I’m hard pressed to think of a better crystal ball for predicting how somebody is likely to behave in the weeks, months and years after you hire them. After all, people often adopt the qualities of their parents that they like, and work hard to do the opposite of what they don’t like.
The point is reinforced time and again in my interviews. When I ask executives how their parents have influenced their leadership style, I often hear powerful themes that carry through their lives and careers.
This question can also be useful to jobseekers (interviewees). If you take some time to think about how you might answer this question, it can give you great insight into your strengths, your weaknesses, things you do well, things you don't do well, things you like, things you don't like, things you value, things you're passionate about, etc.
That is, it can be a great way to prepare for other questions you'll likely face in interviews. And it can give you great insight into the things you'd like to change about yourself, personally and professionally. Of course, it will also prepare you to field this question if Brennan (or any other executive who was a reader of Bryant's excellent column) ever asks you to answer it.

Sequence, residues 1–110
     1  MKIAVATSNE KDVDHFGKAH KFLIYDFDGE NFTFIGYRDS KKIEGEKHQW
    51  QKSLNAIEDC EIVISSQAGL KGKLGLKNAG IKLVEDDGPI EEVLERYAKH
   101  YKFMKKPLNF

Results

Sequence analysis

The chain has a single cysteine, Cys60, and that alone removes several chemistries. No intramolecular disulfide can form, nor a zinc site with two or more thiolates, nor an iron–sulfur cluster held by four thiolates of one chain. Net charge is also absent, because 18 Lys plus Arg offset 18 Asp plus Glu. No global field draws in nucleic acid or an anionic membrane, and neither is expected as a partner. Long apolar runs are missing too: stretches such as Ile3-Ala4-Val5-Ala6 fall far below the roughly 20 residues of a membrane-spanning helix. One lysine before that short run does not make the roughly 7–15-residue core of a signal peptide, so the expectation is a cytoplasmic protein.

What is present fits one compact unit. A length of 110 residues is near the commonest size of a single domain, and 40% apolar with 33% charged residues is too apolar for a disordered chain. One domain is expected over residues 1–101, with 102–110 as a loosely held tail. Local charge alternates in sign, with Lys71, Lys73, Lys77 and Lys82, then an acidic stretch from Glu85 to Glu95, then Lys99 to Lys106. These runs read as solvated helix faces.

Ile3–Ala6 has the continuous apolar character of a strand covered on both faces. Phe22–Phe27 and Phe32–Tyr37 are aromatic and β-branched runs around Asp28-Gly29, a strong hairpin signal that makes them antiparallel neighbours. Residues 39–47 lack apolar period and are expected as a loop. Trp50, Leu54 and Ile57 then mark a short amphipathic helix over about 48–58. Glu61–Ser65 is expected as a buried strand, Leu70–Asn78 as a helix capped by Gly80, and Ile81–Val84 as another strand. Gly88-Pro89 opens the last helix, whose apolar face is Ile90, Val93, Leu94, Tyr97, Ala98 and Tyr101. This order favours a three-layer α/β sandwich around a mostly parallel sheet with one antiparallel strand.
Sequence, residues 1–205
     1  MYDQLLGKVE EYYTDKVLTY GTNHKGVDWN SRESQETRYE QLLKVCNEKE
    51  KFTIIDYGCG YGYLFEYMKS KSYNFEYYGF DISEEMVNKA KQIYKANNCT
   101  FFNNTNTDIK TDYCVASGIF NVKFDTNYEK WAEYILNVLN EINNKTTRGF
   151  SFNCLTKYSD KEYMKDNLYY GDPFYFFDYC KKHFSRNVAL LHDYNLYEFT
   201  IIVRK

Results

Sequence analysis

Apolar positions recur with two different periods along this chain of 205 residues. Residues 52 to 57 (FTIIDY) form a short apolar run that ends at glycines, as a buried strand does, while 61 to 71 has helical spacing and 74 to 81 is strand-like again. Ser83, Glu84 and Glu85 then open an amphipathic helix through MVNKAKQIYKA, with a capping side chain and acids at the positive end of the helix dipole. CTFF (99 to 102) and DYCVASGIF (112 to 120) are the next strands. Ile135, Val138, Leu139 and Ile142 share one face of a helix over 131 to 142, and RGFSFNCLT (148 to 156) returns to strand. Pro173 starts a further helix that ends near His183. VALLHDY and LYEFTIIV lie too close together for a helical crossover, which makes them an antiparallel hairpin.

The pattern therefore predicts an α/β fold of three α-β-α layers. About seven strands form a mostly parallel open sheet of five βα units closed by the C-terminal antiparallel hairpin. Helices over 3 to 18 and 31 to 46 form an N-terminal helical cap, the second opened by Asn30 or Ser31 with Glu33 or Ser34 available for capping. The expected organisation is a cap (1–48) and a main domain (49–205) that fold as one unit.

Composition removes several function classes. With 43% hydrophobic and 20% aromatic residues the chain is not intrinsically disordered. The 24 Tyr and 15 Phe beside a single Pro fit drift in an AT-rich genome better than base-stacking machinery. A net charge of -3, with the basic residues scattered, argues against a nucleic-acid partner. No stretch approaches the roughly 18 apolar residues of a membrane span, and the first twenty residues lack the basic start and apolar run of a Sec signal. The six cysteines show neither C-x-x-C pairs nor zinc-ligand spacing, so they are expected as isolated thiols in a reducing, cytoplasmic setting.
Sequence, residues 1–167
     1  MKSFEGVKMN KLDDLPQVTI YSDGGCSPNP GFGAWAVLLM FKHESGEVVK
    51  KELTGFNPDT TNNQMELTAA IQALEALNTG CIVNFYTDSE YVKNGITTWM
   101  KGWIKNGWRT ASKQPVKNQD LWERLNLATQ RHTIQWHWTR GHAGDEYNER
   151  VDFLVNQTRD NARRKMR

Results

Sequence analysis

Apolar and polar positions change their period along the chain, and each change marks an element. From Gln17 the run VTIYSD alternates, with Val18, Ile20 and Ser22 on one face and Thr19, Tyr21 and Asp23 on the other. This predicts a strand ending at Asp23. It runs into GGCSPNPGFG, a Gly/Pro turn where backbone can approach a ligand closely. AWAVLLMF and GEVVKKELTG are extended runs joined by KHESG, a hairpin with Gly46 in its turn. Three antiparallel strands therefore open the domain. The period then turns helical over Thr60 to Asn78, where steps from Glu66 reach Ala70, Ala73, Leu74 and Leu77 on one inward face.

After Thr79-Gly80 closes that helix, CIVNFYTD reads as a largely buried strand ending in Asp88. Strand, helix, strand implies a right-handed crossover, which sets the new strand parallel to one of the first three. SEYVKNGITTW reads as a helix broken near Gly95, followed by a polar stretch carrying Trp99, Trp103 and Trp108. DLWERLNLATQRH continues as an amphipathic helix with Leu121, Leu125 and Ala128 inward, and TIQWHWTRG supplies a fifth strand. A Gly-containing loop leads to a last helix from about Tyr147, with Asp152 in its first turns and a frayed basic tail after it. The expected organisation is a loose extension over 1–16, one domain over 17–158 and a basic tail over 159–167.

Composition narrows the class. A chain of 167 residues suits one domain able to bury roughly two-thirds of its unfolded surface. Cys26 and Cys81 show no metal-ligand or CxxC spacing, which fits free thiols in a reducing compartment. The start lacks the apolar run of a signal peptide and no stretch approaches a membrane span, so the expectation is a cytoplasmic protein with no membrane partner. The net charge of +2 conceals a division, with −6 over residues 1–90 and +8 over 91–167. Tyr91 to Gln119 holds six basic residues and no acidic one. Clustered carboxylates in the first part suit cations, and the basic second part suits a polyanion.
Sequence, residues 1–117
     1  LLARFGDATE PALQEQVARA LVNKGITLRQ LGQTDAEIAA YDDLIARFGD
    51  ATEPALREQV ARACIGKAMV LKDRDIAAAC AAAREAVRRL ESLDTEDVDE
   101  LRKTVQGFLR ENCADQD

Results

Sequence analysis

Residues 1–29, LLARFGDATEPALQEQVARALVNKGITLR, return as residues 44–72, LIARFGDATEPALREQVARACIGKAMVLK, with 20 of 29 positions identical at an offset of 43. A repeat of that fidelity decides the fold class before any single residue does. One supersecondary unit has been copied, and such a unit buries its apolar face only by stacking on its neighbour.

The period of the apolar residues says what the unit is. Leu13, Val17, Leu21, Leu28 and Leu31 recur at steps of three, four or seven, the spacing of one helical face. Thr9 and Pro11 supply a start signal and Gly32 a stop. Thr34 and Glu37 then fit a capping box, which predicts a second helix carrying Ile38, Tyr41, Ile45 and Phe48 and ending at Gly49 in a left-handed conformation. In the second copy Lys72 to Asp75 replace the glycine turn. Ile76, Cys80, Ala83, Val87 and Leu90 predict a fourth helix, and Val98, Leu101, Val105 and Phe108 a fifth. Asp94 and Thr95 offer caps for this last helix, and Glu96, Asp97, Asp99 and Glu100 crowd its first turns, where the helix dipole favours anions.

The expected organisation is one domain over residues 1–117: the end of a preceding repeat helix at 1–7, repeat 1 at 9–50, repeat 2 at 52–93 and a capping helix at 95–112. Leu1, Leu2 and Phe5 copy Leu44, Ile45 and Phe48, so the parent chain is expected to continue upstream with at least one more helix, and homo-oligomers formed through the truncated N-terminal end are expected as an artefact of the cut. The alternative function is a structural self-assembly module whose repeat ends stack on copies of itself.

Finally, it's important to remember, when interviewing, that the goal is not to have the perfect, rehearsed answer to every single behavioral question. You can read list after list of interview questions, along with suggested answers, and still falter in an interview. Which is not to say that you shouldn't prepare answers to common questions that address your strengths, weaknesses, time you faced a challenge, time you led a team, etc. But more important is to learn how to get more comfortable with talking about yourself and your story. You can't prepare for every question someone might ask you in an interview, but if you know yourself and your story well, you'll be able to calmly and easily answer any question about yourself that might come your way (case interviews, guesstimates, and technical questions are another story, of course).
Which reminds me, yesterday, while doing some research for a future post, I spoke with a woman who works in the technology division of a major Wall Street bank. At the close of our conversation, I asked her what interviewing advice she has for young people looking to go into tech, either for a major technology firm or major financial services firm. And what she told me was this: "One, you should come prepared. Do your homework on the company. Two, you should be yourself. Don't worry about trying to impress your interviewer with things that aren't true. And three, have fun and ask a lot of questions. Interviewing is a two-way street. Never forget that you're interviewing the company as much as they're interviewing you."